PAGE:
The yarmulke hides the bald spot on my goische skull
as I watch my new son-in-law's size 13
stomp down on the linen-swathed wineglass.
My daughter looks radiant, no other word
for it, gowned in white satin the color of light.
We're surrounded by Jews dressed in black
like the night, like the streets of Manhattan,
whose young men will soon bear me up
on a chair like a floating throne
over the circle clapping and singing.
I didn't expect to feel so bereft. I've eaten
roast duck at the rehearsal dinner, listened
to the cantor's plangent tones, stood by
while the two signed the ornate katuba,
gold leafed promise unscrolled
like a map of the world.
My small wan gaggle of distant family
clumps together next to the aisle,
divorced, remarried, adopted, nervous:
our dead father's third wife coughing behind
my step-children, ex-wife, half-brothers, motley,
ragged, one nephew wearing a baseball cap.
When the groom lifts the veil from her
delicate temples, I'm thinking someone
should warn them: a future of funerals, car
payments, taxes, kids throwing up in the night.
It's a job you mostly won't know how
to do, your naked arm deep in a jammed
kitchen sink, burnt rinds of eggplant crazily adrift.
Your children will lift their small faces
toward you and give you reason
to weep, and if you manage to stay together
you'll lie down like strangers back to back
falling away from each other to sleep.
Above us the moon looks speckled, torn,
fluttering over the courtyard
and I'm dazed by the perfume rising up
from this fleshy rose pinned to my worsted lapel.
I'm swallowing down the thick nuptial wine,
getting ready to dance all night.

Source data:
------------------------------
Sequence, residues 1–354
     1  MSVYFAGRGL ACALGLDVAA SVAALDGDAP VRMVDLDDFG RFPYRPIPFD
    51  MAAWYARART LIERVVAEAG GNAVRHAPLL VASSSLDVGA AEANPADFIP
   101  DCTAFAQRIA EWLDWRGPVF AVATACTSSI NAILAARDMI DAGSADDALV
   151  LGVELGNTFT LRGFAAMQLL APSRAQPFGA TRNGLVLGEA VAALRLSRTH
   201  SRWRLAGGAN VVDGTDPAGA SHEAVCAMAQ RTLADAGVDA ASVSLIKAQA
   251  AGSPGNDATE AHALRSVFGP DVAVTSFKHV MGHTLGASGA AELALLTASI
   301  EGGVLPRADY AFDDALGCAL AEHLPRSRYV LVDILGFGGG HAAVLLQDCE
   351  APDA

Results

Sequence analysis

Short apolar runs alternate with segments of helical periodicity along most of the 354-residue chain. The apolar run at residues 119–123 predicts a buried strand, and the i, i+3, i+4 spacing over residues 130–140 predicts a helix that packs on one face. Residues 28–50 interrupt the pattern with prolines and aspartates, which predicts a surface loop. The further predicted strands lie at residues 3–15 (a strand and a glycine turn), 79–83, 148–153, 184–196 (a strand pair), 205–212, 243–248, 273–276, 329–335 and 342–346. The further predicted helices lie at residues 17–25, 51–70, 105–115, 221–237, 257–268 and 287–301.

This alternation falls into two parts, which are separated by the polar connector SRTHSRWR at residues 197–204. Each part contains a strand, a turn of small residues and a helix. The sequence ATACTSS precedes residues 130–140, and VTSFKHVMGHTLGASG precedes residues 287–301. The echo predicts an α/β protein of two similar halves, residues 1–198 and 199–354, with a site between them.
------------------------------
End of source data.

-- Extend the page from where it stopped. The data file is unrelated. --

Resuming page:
Joseph Millar's first collection, Overtime (2001) was a finalist for the Oregon Book Award. A second collection, Fortune, appeared in 2007, and a third, Blue Rust, is due out this fall (2011) from Carnegie-Mellon. Millar grew up in Pennsylvania, attended Johns Hopkins University, and spent 25 years in the San Francisco Bay area working at a variety of jobs, from telephone repairman to commercial fisherman. It would be two decades before he returned to poetry. His poems stark, clean, unsparing record the narrative of a life fully lived among fathers, sons, brothers, daughters, weddings and divorces, men and women.
His work has won fellowships from the National Endowment for the Arts and a 2008 Pushcart Prize and has appeared in such magazines as DoubleTake, TriQuarterly, The Southern Review, APR, and Ploughshares. In 1997, he gave up his job as telephone installation foreman to try his hand at teaching. After five years at Oregon State University, Millar now teaches at Pacific University's Low Residency MFA and lives in Raleigh, North Carolina.